Another advantage of compound exercises is they enhance coordination and balance. When you do isolation exercises, you can sit on a bench or otherwise stabilize yourself, but when you do compound movements, like squats and deadlifts, your body moves through space and you have to stabilize. Single-leg deadlifts, lunges, and single-leg squats are the best compound exercises for improving balance. Compare these exercises to leg extensions and hamstring curls where you’re in a seated position. Which build balance better? You know the answer!

Compound Movements Save Time

If you’re limited for time, doing a short routine that emphasizes compound movements offers maximal benefits. With isolation exercises, you’d have to do two to three times as many exercises to train all the muscle groups you work with compound movements. With only squats, lunges, deadlifts, push-ups, and rows, you can get a full-body workout and leave no muscles unworked. By doing more compound exercises, you increase the volume of training you do for each muscle group. That’s time expedient and also important for muscle growth.

But Don’t Give Up Isolation Exercises

Isolation exercises still have their place. Think of them as a way to “fine tune” your training. For example, if your triceps are lagging behind your biceps in terms of growth and strength, focus in on the triceps with isolation exercises, like triceps extensions. Some compound exercises work one group of muscles more than another and this can lead to training imbalances. Targeting the neglected muscles with isolation moves helps compensate for this. Plus, some muscles don’t get worked well enough with standard compound exercises, an example being the calf muscles. By adding calf raises to your routine, you can give these muscles the attention they need. So, add appropriate isolation exercises to prevent and correct such imbalances. But, in general, make 75% of the exercises you do compound ones, especially if you’re limited for time. If you build your workouts around isolation exercises, you’re getting less return for your training routine.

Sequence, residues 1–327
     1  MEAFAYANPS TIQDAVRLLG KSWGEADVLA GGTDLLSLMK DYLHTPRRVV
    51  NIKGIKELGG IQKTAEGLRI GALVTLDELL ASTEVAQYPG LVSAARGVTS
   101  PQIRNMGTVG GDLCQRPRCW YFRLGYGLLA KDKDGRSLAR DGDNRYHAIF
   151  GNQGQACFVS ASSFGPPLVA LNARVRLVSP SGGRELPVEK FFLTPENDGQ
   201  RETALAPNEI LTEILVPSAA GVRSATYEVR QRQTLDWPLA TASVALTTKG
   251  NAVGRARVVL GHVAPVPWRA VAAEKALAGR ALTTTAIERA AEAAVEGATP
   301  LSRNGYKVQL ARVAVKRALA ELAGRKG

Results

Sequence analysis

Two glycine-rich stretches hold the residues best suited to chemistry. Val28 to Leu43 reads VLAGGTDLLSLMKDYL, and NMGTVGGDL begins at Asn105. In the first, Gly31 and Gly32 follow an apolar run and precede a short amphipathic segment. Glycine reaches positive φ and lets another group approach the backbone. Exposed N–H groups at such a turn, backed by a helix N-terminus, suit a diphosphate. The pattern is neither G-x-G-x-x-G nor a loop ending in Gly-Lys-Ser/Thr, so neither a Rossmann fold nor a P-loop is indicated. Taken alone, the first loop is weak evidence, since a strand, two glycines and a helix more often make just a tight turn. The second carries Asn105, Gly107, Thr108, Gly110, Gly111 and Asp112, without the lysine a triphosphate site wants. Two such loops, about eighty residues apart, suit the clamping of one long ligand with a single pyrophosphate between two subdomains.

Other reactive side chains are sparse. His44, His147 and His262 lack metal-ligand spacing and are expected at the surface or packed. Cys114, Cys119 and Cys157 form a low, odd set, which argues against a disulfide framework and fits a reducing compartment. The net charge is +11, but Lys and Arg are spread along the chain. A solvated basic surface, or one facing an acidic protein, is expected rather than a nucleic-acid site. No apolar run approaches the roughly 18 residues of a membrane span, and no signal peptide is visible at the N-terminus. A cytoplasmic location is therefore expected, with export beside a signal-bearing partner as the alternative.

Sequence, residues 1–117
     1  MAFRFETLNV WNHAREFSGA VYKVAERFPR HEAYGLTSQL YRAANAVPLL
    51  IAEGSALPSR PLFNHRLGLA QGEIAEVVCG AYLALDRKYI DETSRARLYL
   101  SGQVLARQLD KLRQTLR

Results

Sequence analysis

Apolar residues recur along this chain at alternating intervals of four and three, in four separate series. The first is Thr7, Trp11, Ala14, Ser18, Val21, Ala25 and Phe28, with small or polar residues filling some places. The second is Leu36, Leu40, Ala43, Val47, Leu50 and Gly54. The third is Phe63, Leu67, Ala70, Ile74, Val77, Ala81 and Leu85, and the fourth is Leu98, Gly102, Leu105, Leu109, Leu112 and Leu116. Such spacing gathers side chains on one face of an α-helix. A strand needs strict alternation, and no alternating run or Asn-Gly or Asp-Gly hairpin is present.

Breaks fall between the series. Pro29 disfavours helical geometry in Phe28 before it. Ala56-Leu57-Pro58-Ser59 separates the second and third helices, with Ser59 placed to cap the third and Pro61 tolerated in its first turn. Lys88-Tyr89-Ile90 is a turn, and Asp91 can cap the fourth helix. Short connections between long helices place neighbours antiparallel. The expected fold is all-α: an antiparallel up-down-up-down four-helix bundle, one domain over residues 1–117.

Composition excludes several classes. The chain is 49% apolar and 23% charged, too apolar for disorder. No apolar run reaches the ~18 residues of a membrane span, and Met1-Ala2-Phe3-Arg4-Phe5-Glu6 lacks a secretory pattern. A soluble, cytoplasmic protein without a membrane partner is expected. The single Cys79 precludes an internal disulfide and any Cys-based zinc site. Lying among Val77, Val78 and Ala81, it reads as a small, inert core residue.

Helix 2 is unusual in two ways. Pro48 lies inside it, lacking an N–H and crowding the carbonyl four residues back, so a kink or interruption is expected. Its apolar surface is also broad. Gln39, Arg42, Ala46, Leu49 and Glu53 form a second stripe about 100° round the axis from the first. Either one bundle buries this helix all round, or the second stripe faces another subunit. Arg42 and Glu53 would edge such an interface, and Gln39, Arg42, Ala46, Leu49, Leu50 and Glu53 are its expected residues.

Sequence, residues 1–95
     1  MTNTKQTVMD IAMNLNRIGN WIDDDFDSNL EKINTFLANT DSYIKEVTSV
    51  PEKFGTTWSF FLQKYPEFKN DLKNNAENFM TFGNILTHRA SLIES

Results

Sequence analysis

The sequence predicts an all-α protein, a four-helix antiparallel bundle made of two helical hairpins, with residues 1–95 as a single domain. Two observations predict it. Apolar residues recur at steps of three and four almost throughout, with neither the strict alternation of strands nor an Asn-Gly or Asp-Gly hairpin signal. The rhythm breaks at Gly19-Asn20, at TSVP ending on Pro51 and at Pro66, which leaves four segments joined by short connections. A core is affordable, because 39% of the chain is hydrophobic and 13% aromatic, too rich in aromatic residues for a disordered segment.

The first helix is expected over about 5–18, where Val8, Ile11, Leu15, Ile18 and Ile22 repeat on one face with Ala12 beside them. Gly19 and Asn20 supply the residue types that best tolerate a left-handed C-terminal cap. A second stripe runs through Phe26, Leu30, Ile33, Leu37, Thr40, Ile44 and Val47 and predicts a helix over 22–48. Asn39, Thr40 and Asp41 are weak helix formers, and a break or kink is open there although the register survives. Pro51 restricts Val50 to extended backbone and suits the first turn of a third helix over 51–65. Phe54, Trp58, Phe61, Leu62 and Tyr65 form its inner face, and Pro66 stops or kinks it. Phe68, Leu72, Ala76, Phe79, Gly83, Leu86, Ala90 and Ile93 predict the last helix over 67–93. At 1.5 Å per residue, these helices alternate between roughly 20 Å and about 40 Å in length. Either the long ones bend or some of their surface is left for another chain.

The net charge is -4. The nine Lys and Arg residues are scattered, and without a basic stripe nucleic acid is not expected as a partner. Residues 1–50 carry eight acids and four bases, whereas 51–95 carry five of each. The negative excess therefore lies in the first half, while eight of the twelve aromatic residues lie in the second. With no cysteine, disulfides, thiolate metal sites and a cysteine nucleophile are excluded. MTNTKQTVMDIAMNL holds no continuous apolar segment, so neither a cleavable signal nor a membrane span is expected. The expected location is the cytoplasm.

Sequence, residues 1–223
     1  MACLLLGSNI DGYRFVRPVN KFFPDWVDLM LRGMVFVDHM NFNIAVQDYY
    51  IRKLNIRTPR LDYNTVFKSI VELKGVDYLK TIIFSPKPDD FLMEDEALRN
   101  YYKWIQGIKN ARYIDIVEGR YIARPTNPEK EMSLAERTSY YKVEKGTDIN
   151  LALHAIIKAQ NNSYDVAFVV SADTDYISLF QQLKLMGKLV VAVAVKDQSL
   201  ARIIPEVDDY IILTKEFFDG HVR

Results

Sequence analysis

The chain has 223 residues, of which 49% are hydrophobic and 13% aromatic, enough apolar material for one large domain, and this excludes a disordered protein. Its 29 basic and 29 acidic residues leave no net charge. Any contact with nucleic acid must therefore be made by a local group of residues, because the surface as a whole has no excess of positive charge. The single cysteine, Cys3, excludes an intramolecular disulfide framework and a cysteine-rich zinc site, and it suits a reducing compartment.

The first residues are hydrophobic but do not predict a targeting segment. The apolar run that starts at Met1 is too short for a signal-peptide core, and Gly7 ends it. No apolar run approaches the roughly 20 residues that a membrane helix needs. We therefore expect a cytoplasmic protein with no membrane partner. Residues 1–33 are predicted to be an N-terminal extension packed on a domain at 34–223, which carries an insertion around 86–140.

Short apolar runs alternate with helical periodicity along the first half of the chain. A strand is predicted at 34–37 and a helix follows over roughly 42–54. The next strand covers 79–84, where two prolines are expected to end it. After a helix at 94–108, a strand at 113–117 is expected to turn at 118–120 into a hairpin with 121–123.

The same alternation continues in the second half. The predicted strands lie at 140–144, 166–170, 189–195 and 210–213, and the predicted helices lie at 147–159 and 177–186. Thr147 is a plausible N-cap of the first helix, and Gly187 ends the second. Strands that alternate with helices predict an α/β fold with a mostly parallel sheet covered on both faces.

Keep in mind, compound exercises are more demanding on your body and more easily fatigue your muscles and central nervous system. That’s another reason to include isolation exercises. If you tried to make up for a lagging body part by doing more compound exercises, you’d exhaust your muscles and nervous system. With isolation exercises, you can zero in on lagging muscles with isolation exercises that specifically target them.

The Bottom Line

Don’t give up isolation exercises, but now you have five powerful reasons to include more compound exercises in your training. As mentioned, a ratio of about three compound exercises to one isolation move will ensure you spend most of your time doing the exercises that count the most, yet still have time left over for a few well-chosen, isolation moves. So, don’t underestimate the importance of compound moves if you want to get stronger, leaner, and more defined. They work!

 

References:

ACE Fitness. “What is Functional Strength Training?”
New Insights into Circuit Training Len Kraviz, Ph.D.
ACSM’S Health & Fitness Journal: May/June 2013 – Volume 17 – Issue 3 – p 8–13. doi: 10.1249/FIT.0b013e31828cb1e8.